Since his first full season in the majors, Zito was the model of health and stability, throwing at least 200 innings all six years in Oakland, missing bats, winning a Cy Young and posting healthy ERA's. With only 2004 serving as a disappointment, Zito was making his way into the National League and an expected bounce in his performance would all but validate the $126 million San Francisco had given him.
However, 2007 was not nearly as kind to Zito as most everyone in baseball expected. His fastball had dropped into the low-80s and he posted the poorest k/9 in his career. A mystifying feat considering the weaker lineups he encountered in the NL. Which begs the question, can a 29 year-old really regress so rapidly and so drastically?
The Yankees [as well as a host of other potential suitors] are now rejoicing they did not throw $100+ million at the previously dominant lefty.
From the article:
Strange. It will be an interesting story to watch, especially with the poor start to Zito's 2008. However, the southpaw still has the dynamite 12-to-6 curve and should he ever rediscover his high 80's heater, he could quickly regain his status as a frontline starter.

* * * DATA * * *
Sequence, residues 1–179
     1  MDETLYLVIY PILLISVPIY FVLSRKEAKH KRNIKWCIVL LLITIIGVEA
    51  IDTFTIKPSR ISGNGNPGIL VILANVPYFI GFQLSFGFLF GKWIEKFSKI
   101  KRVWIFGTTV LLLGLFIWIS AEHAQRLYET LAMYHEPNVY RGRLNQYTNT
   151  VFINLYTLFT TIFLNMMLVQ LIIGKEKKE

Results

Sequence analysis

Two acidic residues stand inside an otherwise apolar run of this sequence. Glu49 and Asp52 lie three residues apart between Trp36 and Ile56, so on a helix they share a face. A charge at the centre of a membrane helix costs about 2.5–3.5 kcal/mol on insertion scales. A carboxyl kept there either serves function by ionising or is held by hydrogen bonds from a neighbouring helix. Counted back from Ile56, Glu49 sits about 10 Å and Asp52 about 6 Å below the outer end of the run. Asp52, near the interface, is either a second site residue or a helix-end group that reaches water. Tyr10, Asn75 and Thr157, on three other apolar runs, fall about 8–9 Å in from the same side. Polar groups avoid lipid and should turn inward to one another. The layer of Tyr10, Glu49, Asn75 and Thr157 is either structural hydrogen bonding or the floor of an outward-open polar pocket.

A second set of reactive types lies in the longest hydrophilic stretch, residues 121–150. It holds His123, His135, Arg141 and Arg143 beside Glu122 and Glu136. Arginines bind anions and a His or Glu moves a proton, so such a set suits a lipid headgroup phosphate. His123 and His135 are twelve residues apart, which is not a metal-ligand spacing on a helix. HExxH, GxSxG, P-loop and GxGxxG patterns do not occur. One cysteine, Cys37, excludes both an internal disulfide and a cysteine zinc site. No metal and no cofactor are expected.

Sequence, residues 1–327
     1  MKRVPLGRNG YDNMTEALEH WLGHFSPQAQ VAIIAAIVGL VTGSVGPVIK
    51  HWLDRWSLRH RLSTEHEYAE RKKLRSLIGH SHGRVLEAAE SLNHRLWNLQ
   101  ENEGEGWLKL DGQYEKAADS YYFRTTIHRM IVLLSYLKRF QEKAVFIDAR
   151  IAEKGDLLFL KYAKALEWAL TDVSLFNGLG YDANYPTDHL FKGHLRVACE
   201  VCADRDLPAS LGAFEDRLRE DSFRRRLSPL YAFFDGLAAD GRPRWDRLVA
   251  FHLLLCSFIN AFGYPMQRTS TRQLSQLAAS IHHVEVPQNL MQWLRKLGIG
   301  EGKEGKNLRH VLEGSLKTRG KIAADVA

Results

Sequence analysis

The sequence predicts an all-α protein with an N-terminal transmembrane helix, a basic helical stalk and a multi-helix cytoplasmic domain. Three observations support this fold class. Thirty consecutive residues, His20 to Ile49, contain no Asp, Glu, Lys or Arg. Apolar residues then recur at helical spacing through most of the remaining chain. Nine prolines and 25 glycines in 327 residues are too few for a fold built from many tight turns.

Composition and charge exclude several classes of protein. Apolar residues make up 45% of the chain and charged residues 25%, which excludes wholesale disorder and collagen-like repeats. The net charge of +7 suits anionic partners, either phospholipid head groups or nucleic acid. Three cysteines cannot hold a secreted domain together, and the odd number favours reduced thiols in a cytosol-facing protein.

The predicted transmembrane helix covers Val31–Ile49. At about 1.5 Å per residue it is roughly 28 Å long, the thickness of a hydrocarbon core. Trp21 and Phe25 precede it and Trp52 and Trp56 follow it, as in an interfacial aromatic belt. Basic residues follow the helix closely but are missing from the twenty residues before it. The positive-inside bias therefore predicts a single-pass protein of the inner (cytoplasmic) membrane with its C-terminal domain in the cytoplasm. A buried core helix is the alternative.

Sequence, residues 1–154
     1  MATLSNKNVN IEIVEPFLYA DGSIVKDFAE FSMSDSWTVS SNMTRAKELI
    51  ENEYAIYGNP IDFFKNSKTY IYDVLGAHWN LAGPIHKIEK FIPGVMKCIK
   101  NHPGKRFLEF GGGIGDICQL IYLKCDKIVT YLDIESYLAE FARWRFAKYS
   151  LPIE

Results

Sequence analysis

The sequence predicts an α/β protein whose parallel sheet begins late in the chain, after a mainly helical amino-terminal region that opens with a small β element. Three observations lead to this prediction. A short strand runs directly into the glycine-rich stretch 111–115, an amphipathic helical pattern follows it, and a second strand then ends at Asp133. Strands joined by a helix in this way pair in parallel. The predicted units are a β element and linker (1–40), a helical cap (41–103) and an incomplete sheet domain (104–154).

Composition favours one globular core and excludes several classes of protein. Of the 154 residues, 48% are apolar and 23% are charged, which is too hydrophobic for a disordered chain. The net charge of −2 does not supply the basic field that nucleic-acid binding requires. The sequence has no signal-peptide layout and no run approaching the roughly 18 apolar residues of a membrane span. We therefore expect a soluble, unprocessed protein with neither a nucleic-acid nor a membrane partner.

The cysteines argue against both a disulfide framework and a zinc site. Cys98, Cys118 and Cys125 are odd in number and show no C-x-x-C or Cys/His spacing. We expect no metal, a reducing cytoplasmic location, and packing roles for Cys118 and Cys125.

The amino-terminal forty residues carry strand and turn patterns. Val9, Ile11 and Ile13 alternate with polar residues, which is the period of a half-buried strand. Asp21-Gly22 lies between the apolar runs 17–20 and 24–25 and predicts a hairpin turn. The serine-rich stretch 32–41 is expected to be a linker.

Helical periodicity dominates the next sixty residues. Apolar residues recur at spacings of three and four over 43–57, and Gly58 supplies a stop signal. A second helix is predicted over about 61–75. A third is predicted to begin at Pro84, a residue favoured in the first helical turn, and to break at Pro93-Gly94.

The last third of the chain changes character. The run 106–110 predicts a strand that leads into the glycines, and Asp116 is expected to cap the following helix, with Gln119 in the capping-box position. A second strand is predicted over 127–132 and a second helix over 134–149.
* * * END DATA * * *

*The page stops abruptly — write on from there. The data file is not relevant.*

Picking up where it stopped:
Zito went after the hitters. He didn’t mess around. He threw strikes.
And the Dodgers ate them up, every juicy morsel.
That shouldn’t have been surprising, given Zito’s horrendous spring training. In fact, every detail of the Giants’ 5-0 loss seemed to fulfill the scorched-earth expectations of this club.
How does a 29-year-old decline as much as Zito has? Even at his absolute worst during seven years in Oakland, he promised to be a steady 14-game winner. At his best, he offered stunning mastery, the ability to stare down the brilliant Johan Santana in a playoff game.
The number of hits wasn’t as disturbing as the authority behind them. The Dodgers made great contact, getting nothing on the cheap. The radar gun offered another bad verdict. For the most part, Zito didn’t throw harder than 84 mph all day. He knows his fastball has lost velocity, and doesn’t quite understand why.
“Right now, it’s 84-85 at the high end, which obviously is frustrating for me,” he said. “You’ve got a look at, usually when things like this happen, it’s either an injury, which it is not, or it’s something mechanical. So, you know, I’m always learning and trying to get better, and those things and obviously looking at old tapes and things like that and want to get that 88-89 back, and I’m sure it’s just a small tweak away.”
Brian Sabean and Company are